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Sensors and Actuators
Transport Imaging of  Semiconductor Nanowires
                                                                
                                                                                                                                                                                                                                            

(Supported by the National Science Foundation)

Nancy Haegel - Roya Maboudian, UC Berkeley

 Overview:

        The goal of this work is to image the motion and recombination of charge in luminescent nanowires and other nanostructures.   Direct information can be extracted on the diffusion and related transport properties with high spatial resolution.

Project Description:

        In this project, we work to develop a unique nanoscale imaging technique to study the relationship between individual component synthesis and the contact/transport behavior that will be critical to device level integration.  Transport imaging combines the scanning resolution of near field optics with the charge generation beam control of a scanning electron microscope (SEM).  The goal is to "image transport" by monitoring the motion of charge via the recombination emission of light.  Although the technique builds upon standard cathodoluminescence (CL), it is significantly different, since it maintains the spatial information of the emitted light.  This allows for direct measure of minority carrier diffusion length, mobility-lifetime products under applied fields and contact resistance - important parameters that are difficult to measure directly on a single device.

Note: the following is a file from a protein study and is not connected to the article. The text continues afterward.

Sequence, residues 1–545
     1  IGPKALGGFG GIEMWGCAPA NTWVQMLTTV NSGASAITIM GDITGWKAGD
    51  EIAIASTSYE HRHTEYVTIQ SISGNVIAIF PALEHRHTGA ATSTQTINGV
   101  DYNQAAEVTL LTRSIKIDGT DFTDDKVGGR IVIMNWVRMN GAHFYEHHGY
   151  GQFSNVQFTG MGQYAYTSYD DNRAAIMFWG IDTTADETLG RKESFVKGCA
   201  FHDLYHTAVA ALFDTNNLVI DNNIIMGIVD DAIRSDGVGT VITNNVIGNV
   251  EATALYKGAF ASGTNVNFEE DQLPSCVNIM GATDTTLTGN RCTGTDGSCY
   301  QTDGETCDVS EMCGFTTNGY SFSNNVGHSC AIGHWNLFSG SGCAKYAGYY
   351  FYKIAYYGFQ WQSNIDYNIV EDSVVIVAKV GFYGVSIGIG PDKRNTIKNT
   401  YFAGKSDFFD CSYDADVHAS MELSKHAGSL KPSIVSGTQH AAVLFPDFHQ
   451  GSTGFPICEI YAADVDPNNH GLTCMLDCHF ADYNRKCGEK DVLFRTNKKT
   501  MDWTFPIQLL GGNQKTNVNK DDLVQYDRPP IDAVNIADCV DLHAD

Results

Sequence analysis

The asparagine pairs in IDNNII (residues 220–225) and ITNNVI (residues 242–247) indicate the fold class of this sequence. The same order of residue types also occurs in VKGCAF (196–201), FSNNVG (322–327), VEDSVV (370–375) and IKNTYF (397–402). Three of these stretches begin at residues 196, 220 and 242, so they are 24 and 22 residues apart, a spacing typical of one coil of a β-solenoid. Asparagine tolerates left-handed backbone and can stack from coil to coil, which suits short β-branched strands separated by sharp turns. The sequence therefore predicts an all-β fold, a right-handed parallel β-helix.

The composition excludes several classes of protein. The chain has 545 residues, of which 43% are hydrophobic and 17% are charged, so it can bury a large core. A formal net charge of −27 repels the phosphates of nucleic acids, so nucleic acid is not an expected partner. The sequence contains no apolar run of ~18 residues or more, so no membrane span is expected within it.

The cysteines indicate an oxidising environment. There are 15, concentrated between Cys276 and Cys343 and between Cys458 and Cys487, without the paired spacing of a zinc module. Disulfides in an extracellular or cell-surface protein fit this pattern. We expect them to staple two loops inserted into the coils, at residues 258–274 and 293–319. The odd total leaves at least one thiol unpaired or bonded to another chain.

The work described here takes this imaging to the ~ 50-100 nm scale with the use of a scanning collection tip in AFM mode, operating inside the SEM.  By decoupling the e-beam excitation from the optical collection, one can image transport of charge over distances from ~ 100 nm to microns along the wire length.  A Nanonics MultiView 2000 system is used, which allows for tip scanning, while the e-beam excitation spot remains fixed at various points of interest along the wire.  

         Nanowire synthesis is performed by co-PI Prof. Roya Maboudian, using the VLS technique.  This technique has been successfully demonstrated for the growth of solid whiskers and nanowires; bridged growth has been demonstrated within silicon microtrenches.  We also study GaN nanowires in collaboration with Sandia National Laboratories and NIST Boulder, as well as ZnO structures grown by the group of Z. L Wang at Georgia Tech.

        Impact:  The broader impact of the work lies in its impact on understanding of transport and contact behavior in nanowires, with contact behavior being a critical area for future progress in device fabrication.  The work would demonstrate a novel tool to interrogate carrier transport in-situ and would provide a means for direct measurement of contact resistance that could be applied on an industrial scale.

 

For more information, contact Nancy Haegel at nmhaegel@nps.edu

 

 

 

 

 

 

 

 

  

 

 

 

 

 

High Z Materials for Nuclear Detection: Synergy of Growth, Characterization and Defect Physics for Room Temperature Devices
                                                                                                                                                                                                                                                 
 

(supported by the Department of Homeland Defense, DNDO)                      

Nancy M. Haegel - Eugene E. Haller, UC Berkeley

 Overview:

       Transport imaging is used in this project to study the diffusion behavior of excess carriers, leading to determination of the mobility-lifetime () product that is critical to the performance of nuclear radiation detector materials.  The example above shows how the luminescent images can lead to distributions reflecting material-dependent diffusion behavior.

 Project Description: